Omar Saracevic participated in the TOMODACHI Toshiba Science & Technology Leadership Academy in 2015 and more recently, the Junior-7 Summit in Mie as a TOMODACHI alumnus. He attends Thomas Jefferson High School for Science and Technology in Alexandria, Virginia and is interested in Biomedical Engineering.
Read below for his experience participating in the Junior-7 Summit in Mie:
Less than a year since I had traveled to Japan for the first time I found myself in a similar situation as I boarded the 12 hour flight from Denver to Tokyo’s Narita International Airport. The first time I had traveled to Japan was when I was initiated as a member of the TOMODACHI Generation as part of the TOMODACHI Toshiba Science & Technology Leadership Academy. I had worked alongside seven other American students and eight Japanese students to create a Smart Community for the Future according to Toshiba standards. That experience had left me with a deep commitment to go to Japan once again and tighten the US-Japan relations on an adolescent level.
However, this time I was traveling to represent the United States for a difference conference, the G7 Junior Summit. Although my experience the prior summer consisted of me spending time in Tokyo and seeing sights such as the Tokyo Skytree, touring Asakusa and hiking Mt. Takao, this time I would be headed towards a different prefecture and city of Japan: Mie Prefecture and Kuwana City.
The economic disparity and inclusive growth group with members featured from left to right from Canada, United States, Italy, United Kingdom, France, Germany and Japan.
From April 19-29, 2016, I interacted with 27 students from G7 nations to come up with solutions to problems including gender inequality, climate change, economic disparity and human capital. My group, the economic disparity team, came to specific solutions including ones pertaining to inclusive growth, decreasing the capital gap between developed and developing nations as well as eliminating corruption and tax evasion. At the end of our stay in Kuwana City I had the pleasure of giving a speech on behalf of my group to the Prime Minister’s Wife, Mrs. Akie Abe, the Governor of Mie Eikei Suzuki and the Mayor of Kuwana City Narutaka Ito.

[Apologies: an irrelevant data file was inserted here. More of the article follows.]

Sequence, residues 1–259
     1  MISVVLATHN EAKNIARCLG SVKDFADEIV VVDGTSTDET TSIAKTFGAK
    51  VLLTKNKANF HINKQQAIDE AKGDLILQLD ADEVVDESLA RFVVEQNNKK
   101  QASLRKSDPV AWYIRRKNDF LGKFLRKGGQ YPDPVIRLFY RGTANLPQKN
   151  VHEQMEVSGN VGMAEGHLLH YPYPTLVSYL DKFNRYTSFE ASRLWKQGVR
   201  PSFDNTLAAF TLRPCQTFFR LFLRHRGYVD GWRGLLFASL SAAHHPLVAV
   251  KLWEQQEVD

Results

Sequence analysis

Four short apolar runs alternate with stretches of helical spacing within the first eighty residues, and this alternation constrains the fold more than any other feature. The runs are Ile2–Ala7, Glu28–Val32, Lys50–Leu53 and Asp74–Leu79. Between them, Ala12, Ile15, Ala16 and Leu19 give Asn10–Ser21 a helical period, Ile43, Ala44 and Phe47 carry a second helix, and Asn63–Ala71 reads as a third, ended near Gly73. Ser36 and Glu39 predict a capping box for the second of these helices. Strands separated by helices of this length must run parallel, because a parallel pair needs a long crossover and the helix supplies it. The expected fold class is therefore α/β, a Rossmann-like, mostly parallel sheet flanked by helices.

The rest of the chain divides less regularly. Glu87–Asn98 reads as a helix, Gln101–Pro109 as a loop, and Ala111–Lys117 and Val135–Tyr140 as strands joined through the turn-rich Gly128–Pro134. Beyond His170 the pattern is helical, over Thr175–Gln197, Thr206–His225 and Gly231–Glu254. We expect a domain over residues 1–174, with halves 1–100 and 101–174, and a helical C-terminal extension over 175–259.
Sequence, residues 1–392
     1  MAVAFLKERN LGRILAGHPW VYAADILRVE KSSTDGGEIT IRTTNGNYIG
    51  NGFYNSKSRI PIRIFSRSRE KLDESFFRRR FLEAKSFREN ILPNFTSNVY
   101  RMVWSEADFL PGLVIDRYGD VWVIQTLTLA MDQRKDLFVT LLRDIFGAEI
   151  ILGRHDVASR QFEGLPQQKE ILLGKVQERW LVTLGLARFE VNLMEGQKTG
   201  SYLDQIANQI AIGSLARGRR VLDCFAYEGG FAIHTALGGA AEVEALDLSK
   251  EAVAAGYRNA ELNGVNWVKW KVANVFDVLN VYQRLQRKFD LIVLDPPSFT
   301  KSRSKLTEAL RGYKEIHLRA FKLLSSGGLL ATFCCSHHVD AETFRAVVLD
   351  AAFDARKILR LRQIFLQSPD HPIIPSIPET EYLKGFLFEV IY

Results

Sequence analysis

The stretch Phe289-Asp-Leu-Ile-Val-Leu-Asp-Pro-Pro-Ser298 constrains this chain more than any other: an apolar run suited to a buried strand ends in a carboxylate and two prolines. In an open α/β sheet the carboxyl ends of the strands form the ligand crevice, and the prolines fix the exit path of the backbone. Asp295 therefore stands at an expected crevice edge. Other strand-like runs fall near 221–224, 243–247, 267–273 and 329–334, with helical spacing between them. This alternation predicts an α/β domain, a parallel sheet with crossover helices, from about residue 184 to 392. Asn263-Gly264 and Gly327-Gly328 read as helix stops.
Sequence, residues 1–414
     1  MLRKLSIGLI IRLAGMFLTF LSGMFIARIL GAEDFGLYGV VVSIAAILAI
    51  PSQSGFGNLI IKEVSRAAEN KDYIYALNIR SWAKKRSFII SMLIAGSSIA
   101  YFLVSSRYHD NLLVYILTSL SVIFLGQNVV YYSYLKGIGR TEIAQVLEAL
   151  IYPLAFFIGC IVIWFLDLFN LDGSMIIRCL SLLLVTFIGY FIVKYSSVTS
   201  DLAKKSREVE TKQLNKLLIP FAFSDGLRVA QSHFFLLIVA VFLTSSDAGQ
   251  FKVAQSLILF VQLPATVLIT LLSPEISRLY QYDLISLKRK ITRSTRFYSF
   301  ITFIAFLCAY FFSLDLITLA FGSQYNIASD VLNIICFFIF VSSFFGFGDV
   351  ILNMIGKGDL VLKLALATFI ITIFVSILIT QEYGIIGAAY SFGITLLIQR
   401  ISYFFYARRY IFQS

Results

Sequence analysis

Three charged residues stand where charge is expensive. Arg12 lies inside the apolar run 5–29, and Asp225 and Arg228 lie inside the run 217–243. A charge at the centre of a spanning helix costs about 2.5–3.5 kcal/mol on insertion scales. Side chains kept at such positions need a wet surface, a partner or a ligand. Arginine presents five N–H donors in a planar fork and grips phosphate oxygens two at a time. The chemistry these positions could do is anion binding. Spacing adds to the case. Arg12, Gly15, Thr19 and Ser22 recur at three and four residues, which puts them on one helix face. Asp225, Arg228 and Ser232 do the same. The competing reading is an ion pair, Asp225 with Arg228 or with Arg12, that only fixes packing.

Throughout my stay in Mie Prefecture I had the opportunity to visit local fisheries and learn about their conservation efforts, learn about past pollution problems, try the world famous Matsuzaka beef cooked by high school students and visit the Senjuji Temple. The most memorable experience of the trip was taking part in the local Ishidori festival which is said to be “the loudest festival in all of Japan.” After taking part in this festival and learning how to bang the drums and gongs, we were given a tour of the Nabana no Sato garden which featured LED lighted tunnels and flowers planted in the shape of the G7 flags featured below.
The last part of the trip included a short stay in Tokyo where we got to meet the Prime Minister at his residency and discuss what had been performed in the week leading up to the meeting. After meeting with the Prime Minister we were offered to visit the US Embassy and speak with Ambassador Kennedy about what we had accomplished, the resolutions we had created as well as what our future goals were. Meeting Mrs. Kennedy was truly a remarkable experience as she is and has been an iconic figure throughout the world and handing her the Kuwana Junior Communique was especially important for the US students as it showed the hard work we had demonstrated throughout the past week. One last experience we would have before leaving Japan would be a homestay with a local student from Senior High School of Otsuka, University of Tsukuba. Being able to experience life in a Japanese house, eat dinner with a Japanese host family and converse about daily life with my host brother and sister are memories which will be worth preserving as I hope to continue this lifelong relationship that has been built as a result of this summit.
As I said my final goodbyes and headed back to the United States, I knew there would be a hole left in me and yet another, even stronger yearning to return to this land of hospitality, precision, and one that had opened up its culture to me, not once but twice.
Note: I would like to thank everyone who made this opportunity possible from the US Department of State in partnership with the US-Japan Council and the TOMODACHI Initiative for selecting me to represent the United States, to Japan’s Ministry of Foreign Affairs and the Aeon 1% Foundation for supporting us throughout the duration of our stay!